Several stake presidents meeting in a regional meeting recently in Dallas, Texas, noticed a young family entering the meetinghouse. As the mother of the family washed the glass windows and the father began vacuuming, they watched as the two children, approximately 10 and 8 years old, began walking down the hallway while dusting the tops of the molding that lined the walls.
The little girl, slightly ahead of her brother, suddenly stopped, turned to him, called him by name and said, "You've got to hurry faster."
Her brother put his hands on his hips, and replied, "Mommy said this is Heavenly Father's house and it has to be done nice."
The recent call by the First Presidency for members to assume a greater responsibility for the care and cleaning of Church meetinghouses was meant to be a blessing and not a burden, said Presiding Bishop H. David Burton.
In a letter issued last fall to priesthood leaders in the United States and Canada, the First Presidency urged members, especially Aaronic Priesthood quorums, to play a prominent role in the care of meetinghouses.
"This new program is pretty simple," explained Bishop Burton. "It basically amounts to inviting members of the Church to participate in the cleaning of their buildings in such a way that by their sacrifice, they will come to honor and respect and love these beautiful houses of worship.
"When you think about it, next to your home, and next to the temple, where do the important events of life take place? The meetinghouse becomes a center of spiritual and social activities for our families. Here we worship the Savior every week. Here we partake of the sacrament and remember His atoning sacrifice. Here we listen and learn the doctrines of the kingdom. Here we bless our children.
"Today, it is so easy for us to slip over to these meetinghouses and treat them as any other ordinary building we may enter during the week," he said.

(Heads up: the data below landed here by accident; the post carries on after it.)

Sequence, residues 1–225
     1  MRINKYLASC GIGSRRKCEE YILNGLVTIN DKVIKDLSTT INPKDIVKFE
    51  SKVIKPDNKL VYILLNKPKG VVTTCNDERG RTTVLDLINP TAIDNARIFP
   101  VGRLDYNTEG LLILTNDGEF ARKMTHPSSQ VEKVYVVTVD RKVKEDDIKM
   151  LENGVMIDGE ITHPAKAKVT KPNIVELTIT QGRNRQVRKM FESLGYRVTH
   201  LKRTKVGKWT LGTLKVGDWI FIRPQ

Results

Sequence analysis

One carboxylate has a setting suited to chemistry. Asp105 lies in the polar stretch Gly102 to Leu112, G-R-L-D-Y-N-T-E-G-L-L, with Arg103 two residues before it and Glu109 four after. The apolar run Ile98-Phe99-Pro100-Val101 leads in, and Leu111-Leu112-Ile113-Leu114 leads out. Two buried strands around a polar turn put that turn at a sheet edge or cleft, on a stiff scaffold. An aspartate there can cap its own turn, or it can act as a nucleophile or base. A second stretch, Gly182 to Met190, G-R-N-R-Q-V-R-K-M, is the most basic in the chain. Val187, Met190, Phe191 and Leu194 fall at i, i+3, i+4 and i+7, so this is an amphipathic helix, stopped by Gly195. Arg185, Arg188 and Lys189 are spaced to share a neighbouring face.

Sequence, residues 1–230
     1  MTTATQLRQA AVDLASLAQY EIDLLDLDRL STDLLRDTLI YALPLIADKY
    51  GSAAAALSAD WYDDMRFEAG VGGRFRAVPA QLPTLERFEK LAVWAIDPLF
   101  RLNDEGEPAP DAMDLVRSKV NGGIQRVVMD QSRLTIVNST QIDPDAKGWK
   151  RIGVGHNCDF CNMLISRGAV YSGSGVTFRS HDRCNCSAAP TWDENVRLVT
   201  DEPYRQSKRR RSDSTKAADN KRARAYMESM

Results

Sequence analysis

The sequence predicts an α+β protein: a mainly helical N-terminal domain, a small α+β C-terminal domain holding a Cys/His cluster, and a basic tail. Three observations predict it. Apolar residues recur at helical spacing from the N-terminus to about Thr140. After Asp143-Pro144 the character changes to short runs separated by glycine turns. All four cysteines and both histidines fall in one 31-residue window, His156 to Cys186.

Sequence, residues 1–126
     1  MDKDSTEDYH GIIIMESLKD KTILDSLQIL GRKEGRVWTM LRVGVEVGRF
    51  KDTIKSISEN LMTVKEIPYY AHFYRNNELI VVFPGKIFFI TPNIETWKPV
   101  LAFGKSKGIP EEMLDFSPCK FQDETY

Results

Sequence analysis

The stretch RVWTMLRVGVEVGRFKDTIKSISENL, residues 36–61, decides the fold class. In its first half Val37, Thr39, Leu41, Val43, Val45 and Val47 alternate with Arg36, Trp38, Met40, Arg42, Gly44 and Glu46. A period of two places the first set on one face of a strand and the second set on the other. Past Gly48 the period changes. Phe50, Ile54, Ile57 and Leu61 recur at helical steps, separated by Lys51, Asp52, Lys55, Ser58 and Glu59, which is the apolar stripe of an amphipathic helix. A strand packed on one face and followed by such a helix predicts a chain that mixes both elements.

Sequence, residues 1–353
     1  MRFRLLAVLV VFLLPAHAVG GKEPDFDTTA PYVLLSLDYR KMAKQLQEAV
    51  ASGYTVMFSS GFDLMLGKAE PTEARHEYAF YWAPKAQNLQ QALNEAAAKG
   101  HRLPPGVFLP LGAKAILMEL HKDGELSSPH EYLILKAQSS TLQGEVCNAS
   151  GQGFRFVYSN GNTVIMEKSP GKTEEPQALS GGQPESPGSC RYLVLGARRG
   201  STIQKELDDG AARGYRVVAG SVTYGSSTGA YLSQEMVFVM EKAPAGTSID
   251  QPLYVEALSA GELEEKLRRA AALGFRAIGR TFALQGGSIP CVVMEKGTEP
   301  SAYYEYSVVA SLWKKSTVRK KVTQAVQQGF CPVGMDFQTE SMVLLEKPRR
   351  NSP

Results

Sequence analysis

Members caring for meetinghouses is not a new practice in the Church. For many years, meetinghouses were built and maintained by the sacrifice of ward or branch members.
But in recent years, member participation in the care of meetinghouses has largely come in the form of paying tithes, with an occasional service project.
"The same opportunities to sacrifice for the kingdom do not exist today as they once did," Bishop Burton said.
With an increase in member participation comes a corresponding decrease in the responsibility of the facilities management groups that currently care for meetinghouses.
These management groups will now enter meetinghouses once a week and assist the cleaning efforts of the members by performing the more difficult maintenance responsibilities, such as refinishing cultural hall floors, cleaning the grouting in rest rooms, and shampooing carpets. They will also maintain the equipment used by members and stock the cleaning supplies necessary for members to perform their role.
"We realize that members come at a sacrifice and it would be very disappointing to them if they couldn't get into the closet, or if supplies were limited and the equipment did not function properly," Bishop Burton said.
The main point of coordination and leadership of this program is through stake presidents, the high councilor assigned as the stake physical facilities representative and the bishops and branch presidents, Bishop Burton continued.
Coordinating the efforts of both groups will assure that meetinghouses will continue to be the beautiful edifices they currently are.
In the letter from the First Presidency, bishoprics and branch presidencies were encouraged to "enlist their youth to be part of this weekly activity" so that "from this service, young people can deepen their reverence and feelings of respect for the house of the Lord."
"Our youth need opportunities to work," added Elder Robert K. Dellenbach of the Seventy and general president of the Young Men. "We've lost a lot of that perspective. That's the challenge we've got to change. I didn't like cleaning a smelly chicken coup when I was a teenager. But I had to do it. Part of galvanizing our youth in the gospel comes in teaching them to work. In the process, they will come to revere these buildings, just as their grandparents revere the buildings they helped construct in their day when they sacrificed of their time and means."
"The most important thing to understand," continued Bishop Burton, "is that this program was not primarily instituted to save money. This is a program to develop personal character and receive eternal blessings.
"Those priesthood leaders who teach their people that this is an opportunity to sacrifice and to build the kingdom will find success in their efforts," he continued.